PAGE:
NSW has also taken steps towards ‘freshening up’ its own reportable conduct scheme (which is nearly 20 years old). Seven new guidance documents have been released in the last six months, covering topics such as managing conflicts of interest, providing advice to children and parents, and risk management following an allegation against an employee. These documents can be found here.
Which jurisdiction is next?
Schools around the country should be aware of the NSW, Victorian and ACT reportable conduct schemes, as it appears that other jurisdictions will soon follow their lead.
Submissions recently closed on an issues paper titled A Reportable Conduct Scheme released by the Queensland Government, with the intention of providing an oversight mechanism to ensure that organisations providing services to children would appropriately investigate and manage any allegations of child abuse and inappropriate behavior. It is likely that a ‘reportable conduct’ Bill will eventually be introduced into the Queensland Parliament based on these submissions.
There is also some indication that a reportable conduct scheme is being developed in Western Australia, currently listed as a reform project by the Department of Child Protection and Family Support. The Commissioner for Children and Young People has indicated in correspondence with the Royal Commission that the Department will soon explore a trial reportable conduct system for people working with children in out-of-home care, and that it should later be developed to extend to all organisations providing services to children and young people.
Should reportable conduct be harmonised?
With the additional activity by the NSW Ombudsman and the wealth of corresponding guidance produced in Victoria and the ACT, School Governance’s previous prediction - that this is all part of a national child protection reform trend - appears to be taking shape.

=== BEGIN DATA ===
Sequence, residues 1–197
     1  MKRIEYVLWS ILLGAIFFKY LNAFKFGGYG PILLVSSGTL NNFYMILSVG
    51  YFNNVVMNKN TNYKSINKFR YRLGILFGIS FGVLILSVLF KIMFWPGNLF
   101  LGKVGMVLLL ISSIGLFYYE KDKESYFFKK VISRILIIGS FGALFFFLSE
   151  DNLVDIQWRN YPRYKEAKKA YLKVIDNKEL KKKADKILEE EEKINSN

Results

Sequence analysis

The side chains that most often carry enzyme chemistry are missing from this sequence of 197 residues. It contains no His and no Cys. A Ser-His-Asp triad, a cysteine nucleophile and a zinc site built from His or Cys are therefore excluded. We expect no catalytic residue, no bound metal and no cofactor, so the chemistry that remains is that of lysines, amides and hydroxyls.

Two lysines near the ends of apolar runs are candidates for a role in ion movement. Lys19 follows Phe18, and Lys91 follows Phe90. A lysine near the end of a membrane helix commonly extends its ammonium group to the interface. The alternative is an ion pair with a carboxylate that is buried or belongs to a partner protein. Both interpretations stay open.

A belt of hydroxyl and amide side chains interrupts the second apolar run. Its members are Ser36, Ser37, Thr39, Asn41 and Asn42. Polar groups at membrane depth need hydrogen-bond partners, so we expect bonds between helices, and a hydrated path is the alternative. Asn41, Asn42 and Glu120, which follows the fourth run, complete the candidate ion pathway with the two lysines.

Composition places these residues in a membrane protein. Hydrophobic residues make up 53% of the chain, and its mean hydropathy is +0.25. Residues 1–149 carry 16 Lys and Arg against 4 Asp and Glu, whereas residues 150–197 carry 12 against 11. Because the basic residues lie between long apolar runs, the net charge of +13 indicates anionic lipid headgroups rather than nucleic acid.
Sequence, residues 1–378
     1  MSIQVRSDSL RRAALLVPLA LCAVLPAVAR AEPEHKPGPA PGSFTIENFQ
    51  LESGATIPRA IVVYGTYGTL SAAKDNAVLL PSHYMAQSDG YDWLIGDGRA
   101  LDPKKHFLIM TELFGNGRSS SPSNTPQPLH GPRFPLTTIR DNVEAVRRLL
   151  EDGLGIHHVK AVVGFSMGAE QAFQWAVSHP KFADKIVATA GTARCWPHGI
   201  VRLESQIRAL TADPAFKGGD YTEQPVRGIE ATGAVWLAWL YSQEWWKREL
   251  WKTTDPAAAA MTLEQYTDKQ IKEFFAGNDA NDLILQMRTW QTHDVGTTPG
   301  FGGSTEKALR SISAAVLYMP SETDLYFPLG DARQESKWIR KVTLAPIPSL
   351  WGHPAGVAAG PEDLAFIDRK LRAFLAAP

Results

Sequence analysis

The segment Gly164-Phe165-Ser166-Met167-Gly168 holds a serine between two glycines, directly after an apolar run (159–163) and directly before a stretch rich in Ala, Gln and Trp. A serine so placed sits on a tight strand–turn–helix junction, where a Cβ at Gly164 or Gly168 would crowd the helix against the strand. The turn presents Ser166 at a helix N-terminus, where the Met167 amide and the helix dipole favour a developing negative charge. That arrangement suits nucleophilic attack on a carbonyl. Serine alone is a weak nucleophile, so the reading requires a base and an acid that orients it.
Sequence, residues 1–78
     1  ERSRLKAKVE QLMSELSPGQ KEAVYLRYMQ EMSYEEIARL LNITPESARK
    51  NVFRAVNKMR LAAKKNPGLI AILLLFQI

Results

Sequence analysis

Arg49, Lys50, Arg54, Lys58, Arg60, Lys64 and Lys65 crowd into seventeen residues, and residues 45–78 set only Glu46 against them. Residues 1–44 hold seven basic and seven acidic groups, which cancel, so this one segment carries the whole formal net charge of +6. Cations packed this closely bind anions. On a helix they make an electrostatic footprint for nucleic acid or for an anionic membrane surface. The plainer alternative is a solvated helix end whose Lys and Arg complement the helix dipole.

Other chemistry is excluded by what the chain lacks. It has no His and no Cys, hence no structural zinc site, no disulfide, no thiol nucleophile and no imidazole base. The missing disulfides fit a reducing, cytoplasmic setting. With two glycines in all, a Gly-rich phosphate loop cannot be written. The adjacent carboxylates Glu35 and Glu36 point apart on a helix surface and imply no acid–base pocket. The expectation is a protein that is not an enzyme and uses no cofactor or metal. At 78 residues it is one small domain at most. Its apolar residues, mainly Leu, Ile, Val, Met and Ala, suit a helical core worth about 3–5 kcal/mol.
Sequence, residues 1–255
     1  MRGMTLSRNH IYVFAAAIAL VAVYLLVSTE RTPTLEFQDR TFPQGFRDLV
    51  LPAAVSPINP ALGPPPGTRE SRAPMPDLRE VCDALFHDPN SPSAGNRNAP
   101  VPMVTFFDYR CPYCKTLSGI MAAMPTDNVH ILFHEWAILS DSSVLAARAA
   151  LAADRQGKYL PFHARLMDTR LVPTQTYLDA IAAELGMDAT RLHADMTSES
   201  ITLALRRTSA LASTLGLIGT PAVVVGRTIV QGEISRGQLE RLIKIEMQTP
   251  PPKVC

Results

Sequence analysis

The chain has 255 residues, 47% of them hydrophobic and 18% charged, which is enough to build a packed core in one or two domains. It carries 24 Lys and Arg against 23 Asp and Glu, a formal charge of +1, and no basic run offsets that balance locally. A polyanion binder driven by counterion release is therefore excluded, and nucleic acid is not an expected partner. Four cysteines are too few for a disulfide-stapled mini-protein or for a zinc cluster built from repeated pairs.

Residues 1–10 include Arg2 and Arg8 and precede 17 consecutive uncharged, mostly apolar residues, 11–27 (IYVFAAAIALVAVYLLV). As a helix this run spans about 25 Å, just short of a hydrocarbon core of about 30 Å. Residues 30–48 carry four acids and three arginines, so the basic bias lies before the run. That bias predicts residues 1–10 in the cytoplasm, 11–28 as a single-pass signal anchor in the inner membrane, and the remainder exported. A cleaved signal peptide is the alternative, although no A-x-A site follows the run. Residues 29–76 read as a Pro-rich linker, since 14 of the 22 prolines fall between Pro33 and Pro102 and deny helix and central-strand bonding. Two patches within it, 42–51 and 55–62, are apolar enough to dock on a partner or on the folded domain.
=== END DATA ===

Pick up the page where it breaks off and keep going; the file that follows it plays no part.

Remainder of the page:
The potential introduction of schemes in Queensland and Western Australia highlights the importance of achieving a nationally-consistent approach to reportable conduct. Implementing and harmonising reportable conduct schemes at the national level will not only improve coordination between jurisdictions on child protection but will allow organisations to operate across jurisdictional boundaries with equivalent reporting obligations.
At the 42nd COAG Meeting in April last year, ACT Chief Minister Andrew Barr MP proposed a nationally harmonised reportable conduct scheme to improve oversight of responses to allegations child abuse and neglect. While this was welcomed and agreed upon in principle, the discussion of child protection at the 43rd Meeting in December did not include reportable conduct. Indeed, at the most recent meeting in June, child protection did not merit a mention, despite the Royal Commission’s recommendations that COAG provide the forum for agreeing upon standard definitions and national child protection practices.
The Royal Commission has previously expressed concern that inconsistencies in oversight mechanisms in effect leads to children receiving different protection, care and support depending on their location and circumstances. Such inconsistencies may also create confusion amongst organisations attempting to stay compliant (which may be expected given the regularity of legislative amendments and guidance updates), ultimately creating difficulties in successfully identifying risks to children and young people.